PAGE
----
First, and this will seem to contradict my previous paragraph, I have started a new blog. It's a creative writing blog along the lines of Anne Lamott's famous shitty first draft (SFD). It's a blog for free writing, a kind of on-line journal, where I can explore writing prompts and inspirations in 10-minute bursts of uncensored creativity. Or, to be more precise, in a shitty first draft. My first inclination was to keep it private, like a real journal, but since it's a resolution, I decided that making it public would make me accountable. Even if no one reads it, I know someone could — and that will keep me honest.

    For the month of January, I am lucky to be receiving daily writing prompts in my email box from Lisa Romeo, who writes my favorite blog on writing (so much great information and inspiration). Once January is over, I will turn to another wonderful blog, Sandy Ackers' Strangling My Muse, for further prompts. Feel free to leave your own writing-prompt ideas in a comment here, and if you're interested or want to see if I'm keeping up with my resolution, this is the link to SFD @ 2KoP).

    My second resolution is more along the lines of that whole short-term burst of energy concept I mentioned earlier. For years now, I have been wanting to create a Website to promote my freelance work, and I have finally developed enough skills to put it all together. I'm so excited to announce the launch of my writing site, www.bearman.us. You can see my little logo at the top of this page on the sidebar to the right. Check it out and let me know what you think. Pass it on if you know anyone in need of my services. Thanks.

    Now, about your resolutions. Of course, I look forward to hearing what you have resolved to resolve this year. Just click here to leave it in a comment. I have also created, just for you, a special short-term, fun and easy New Year's resolution in the form of my 2KoP writing contest. Read all about it here, then enter — you could win a guest post on this very blog AND a 2KoP baseball/golf cap. Hey, there's an idea for you — there are two kinds of people in the world: those who wear baseball caps and those who wear golf caps. See, it's not so hard. Enter today to win!

    Finally, thank you to Angela for Friday noons, which I have concluded are not resolutions, just further inspiration.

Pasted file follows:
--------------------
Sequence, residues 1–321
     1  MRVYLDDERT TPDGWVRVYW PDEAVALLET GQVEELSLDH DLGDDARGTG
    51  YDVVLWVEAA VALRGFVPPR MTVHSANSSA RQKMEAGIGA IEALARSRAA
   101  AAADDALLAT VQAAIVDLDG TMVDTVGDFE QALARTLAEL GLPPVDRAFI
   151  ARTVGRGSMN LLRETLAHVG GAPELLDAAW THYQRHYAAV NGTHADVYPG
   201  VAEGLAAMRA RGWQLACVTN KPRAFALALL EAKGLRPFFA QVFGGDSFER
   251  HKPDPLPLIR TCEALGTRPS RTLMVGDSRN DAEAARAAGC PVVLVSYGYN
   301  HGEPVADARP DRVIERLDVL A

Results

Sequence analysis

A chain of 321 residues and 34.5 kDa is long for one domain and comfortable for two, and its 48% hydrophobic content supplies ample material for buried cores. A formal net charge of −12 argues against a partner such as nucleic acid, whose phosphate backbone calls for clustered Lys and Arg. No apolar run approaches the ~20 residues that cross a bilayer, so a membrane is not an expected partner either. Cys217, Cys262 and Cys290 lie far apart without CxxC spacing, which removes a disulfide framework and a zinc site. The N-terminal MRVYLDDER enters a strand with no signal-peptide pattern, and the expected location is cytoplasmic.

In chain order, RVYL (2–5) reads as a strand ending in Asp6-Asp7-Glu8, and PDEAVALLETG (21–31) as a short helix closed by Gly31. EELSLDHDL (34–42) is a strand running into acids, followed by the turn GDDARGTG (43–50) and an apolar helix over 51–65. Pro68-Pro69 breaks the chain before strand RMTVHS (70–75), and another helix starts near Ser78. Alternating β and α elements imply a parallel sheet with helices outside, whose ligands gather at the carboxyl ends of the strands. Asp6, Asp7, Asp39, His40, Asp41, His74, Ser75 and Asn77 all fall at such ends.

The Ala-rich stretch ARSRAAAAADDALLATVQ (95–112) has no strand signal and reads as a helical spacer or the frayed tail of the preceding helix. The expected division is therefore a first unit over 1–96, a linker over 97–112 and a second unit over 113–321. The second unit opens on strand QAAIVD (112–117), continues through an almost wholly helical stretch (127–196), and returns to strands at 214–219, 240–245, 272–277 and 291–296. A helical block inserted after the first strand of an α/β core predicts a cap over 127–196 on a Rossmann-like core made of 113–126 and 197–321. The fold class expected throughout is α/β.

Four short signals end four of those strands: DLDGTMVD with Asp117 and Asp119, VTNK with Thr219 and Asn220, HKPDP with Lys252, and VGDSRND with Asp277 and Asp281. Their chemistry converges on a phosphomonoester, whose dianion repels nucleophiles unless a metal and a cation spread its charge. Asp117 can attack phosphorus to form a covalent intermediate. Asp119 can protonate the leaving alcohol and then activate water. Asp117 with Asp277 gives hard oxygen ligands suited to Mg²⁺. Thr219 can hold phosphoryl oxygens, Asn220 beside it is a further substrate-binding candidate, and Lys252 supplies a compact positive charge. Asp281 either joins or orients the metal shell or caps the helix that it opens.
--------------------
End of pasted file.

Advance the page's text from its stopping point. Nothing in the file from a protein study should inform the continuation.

Monday, January 4, 2010

    New Year's Challenge

    [Update 1/27/11: Be sure to enter the 2011, Second Annual @2KoP Writing Challenge, deadline 2/16/11.]
    There are two kinds of people in the world. Are you one of them? 

    It's hard for me to believe, but I've been telling you about two kinds of people for nearly two years now on this blog. When I started Two Kinds of People, I named it intentionally to give me a kind of structure on which to hang my essays. It has turned out to be a useful literary device, allowing great flexibility, yet preventing my blog from turning into a brain dump. 

    Two Kinds of People is a kind of philosophy — not a way to divide the world exactly, but more of a means for looking at it through a specific lens for the length of a blog post. I have yet to write my own archetypal Two Kinds of People post, the one on which my entire life philosophy is based, but I promise it's coming — this blogging year.

    Every time I turn around, someone is suggesting another "Two Kinds of People" topic. "You should write about how there are dog people and cat people," someone suggested. Or "You should write about people who vote and people who don't vote, and then bitch about it." While these are great suggestions, they are not my two kinds of people (unless, of course, I choose to "borrow" one of these ideas some day, in which case, I will give proper attribution — if I remember who suggested it).

    So, here's the proverbial deal — the challenge, the contest, the gauntlet, if you will. I am offering you — yes, you — the opportunity to win a guest post here on Two Kinds of People. That's right, you too can be a published author. All you have to do is email me your own Two Kinds of People essay. Come on. You know you want to do it. Use your imagination. Test your creative mettle. Vent your spleen. Expound, explain, expatiate. Teach us something. Make us laugh. Make us cry. Make us understand your Two Kinds of People as only you can.

    And, if seeing your essay published right here on this blog is not enough to entice you, the winner will also get one of my groovy new 2KoP logo baseball/golf caps (pictured above). Several experts (including my dad and my brother) will attest that these are the smartest, most comfortable, best looking caps they have seen in many a year. And that's not just because they're related to me or because that was what they got as their gift from me this holiday season. No sirree Bob. They really, really mean it.

    The rules are simple: write an original Two Kinds of People essay and email it to me by February 1, 2010. The publisher of this blog (moi) will choose the winning entry and post it for the world to read. And don't forget, you'll also win the cap. 

    In the meantime, you can check out my farewell to 2009 in my latest Chicago Moms Blog post and, as always, I look forward to your comments. Just click here. I can't wait to read your winning post, so enter today.

    "We improve ourselves by victories over ourself. 
    There must be contests, and you must win."
    Edward Gibbon (1737-1794)
    author, The Decline and Fall of the Roman Empire

    Update 2/9/10: Read the winning guest post here